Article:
(What is it? Maybe a horse-drawn potato scoop?)

On the Sunday I rode down to stay with Frank who has a holiday home in Courtown, some 100 miles south of Dublin. Those of you with long memories will remember from Journal No. 8 that his wife Hilary and my wife came out to Seattle for 4 weeks in 1980, so we had much to talk about. It was a very interesting couple of days but Frank was a little disappointed that my eating and drinking capacity has diminished dramatically since 1980. He has a wonderful collection of 'vintage' whisky which alas I could not fully appreciate. The ride north home was uneventful and it only rained for the last few miles, so I was singing to myself "I don't care I am nearly home".

I normally fly my powered models at Gormonsonstown Army base, an ex-Air Corps airfield base some 9 miles south of here. Alas we have lost the use of the runway, some rubbish about 'operational need'. As I was having 'withdrawal symptoms' I decided to go over to Anglesey again for a week of flying. I loaded my Skoda, NO, not the 20 century Octavia which I have given to a needy neighbour, but a 1.2 turbo petrol Roomster which has the same model aircraft carrying capacity. To my surprise the weather was remarkably good for the week with no rain at all. On my return to Dublin on Fri 19th, as I emerged from the port tunnel (a 4 mile tunnel from the port northwards) torrential rain continued until the outskirts of Drogheda.

Twenty minutes after arriving home at 7 pm, I was off to Sligo with my Bonnie for a week end motor cycle event. A few miles out of Drogheda it was dark and it started to rain, and continued for the next 2 hrs. I am sure you ex or present motorcyclists will be feeling sorry for me but don't worry I was in my mates van with my Bonnie in the back alongside his immaculate 1977 Silver Jubilee 750 Bonnie with only 4600 miles on the clock, more about the m/c later. Cheating I know, but very sensible, a quality that I lack at times concerning motor cycling. It was a very good week end and the more I see of the glorious countryside around Sligo, the more I like it.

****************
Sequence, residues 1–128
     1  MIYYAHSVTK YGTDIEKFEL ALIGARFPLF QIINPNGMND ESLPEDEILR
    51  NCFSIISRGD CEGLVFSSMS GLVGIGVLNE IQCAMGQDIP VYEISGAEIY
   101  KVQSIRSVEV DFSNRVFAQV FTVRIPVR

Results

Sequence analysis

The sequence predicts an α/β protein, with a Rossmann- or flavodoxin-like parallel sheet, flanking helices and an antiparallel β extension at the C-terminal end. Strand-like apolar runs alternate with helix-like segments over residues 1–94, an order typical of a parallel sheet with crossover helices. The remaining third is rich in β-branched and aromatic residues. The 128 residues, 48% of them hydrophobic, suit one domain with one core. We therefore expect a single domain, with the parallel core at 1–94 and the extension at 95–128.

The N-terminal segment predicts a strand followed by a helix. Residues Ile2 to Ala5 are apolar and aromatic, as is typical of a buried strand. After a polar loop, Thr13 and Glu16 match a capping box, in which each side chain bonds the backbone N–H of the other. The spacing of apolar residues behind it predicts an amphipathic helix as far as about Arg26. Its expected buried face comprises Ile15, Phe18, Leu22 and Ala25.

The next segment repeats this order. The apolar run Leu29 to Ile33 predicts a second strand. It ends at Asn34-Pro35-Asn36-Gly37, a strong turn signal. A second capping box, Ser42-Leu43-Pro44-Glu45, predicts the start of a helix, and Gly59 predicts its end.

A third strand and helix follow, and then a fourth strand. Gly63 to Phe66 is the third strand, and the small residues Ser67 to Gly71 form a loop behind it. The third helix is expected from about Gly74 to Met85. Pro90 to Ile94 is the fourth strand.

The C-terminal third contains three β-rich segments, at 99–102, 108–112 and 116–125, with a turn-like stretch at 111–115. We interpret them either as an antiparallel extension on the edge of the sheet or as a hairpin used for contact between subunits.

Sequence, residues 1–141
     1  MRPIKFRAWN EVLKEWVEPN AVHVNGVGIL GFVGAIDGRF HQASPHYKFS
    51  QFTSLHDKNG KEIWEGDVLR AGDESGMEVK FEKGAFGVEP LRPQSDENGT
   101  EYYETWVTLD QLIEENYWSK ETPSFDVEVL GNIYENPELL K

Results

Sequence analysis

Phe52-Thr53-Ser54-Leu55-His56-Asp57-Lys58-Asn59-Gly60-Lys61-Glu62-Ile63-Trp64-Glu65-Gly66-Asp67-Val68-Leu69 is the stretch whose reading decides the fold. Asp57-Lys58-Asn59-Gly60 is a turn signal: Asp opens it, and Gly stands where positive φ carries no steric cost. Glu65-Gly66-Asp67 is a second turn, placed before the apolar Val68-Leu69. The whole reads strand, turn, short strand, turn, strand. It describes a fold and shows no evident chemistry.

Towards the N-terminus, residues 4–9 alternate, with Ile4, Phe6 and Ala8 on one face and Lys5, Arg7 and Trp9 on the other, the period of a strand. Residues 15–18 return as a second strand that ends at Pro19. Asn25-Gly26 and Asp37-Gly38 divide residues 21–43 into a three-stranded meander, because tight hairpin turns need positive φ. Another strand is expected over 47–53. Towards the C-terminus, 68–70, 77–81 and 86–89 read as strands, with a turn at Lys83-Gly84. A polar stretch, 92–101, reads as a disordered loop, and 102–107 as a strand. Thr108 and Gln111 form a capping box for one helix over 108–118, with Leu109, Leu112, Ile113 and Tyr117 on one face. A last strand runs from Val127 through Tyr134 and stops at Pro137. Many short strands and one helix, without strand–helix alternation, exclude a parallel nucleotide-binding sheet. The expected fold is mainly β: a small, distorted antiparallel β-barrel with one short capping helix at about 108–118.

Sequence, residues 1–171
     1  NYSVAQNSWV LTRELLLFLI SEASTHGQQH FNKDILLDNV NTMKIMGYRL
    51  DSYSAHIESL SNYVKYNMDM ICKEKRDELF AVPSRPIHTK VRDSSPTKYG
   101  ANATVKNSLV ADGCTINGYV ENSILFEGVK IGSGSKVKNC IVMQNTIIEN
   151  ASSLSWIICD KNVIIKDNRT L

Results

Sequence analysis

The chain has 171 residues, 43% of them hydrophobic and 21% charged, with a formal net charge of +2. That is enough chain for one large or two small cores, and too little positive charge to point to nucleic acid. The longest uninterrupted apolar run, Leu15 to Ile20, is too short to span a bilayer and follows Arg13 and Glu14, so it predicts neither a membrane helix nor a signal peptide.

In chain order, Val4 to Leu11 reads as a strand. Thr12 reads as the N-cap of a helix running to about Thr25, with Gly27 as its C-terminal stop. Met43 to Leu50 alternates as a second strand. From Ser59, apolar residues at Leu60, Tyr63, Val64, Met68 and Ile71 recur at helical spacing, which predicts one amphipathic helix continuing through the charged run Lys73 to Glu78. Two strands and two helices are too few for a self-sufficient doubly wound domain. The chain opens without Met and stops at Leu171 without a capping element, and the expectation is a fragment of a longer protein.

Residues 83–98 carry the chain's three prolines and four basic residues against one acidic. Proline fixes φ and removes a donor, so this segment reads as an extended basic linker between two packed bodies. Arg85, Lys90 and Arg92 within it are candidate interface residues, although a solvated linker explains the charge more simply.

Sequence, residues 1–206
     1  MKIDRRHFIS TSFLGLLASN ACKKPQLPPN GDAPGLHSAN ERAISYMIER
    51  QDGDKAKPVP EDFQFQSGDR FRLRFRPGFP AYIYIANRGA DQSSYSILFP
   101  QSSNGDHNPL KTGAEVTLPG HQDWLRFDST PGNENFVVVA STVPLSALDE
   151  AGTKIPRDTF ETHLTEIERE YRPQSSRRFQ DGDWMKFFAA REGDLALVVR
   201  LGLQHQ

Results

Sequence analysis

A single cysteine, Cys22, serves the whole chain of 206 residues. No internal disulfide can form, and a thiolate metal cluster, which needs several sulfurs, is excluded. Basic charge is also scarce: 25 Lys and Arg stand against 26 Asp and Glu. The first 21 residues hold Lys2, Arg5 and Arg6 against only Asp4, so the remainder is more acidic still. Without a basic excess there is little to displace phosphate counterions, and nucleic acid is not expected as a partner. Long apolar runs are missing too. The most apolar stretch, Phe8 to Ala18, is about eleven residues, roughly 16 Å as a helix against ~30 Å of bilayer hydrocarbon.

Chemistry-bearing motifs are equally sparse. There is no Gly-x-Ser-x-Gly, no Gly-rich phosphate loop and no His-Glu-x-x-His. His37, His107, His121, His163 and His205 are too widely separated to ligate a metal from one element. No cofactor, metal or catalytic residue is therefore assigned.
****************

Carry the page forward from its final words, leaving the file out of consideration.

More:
There was a very good turnout of about 60 classic bikes. As is common the route sheet was of the 'Tulip' variety where arrows are used in relation to distance covered to determine whether you turn left, right or go straight on. Many riders take the event seriously and intense arguments occasionally occur when a rider fails to follow the designated route and considers a mistake has been made. However I have to admit that the skill level is amazing and just following the experts is quite a feat on the single track back roads which are often in poor condition, with grass growing in the middle. I do not use the system as I like to keep my eye on the road and survey the countryside when safe to do so. This means I follow other riders and hope for the best but I then cannot stop to admire any particular views.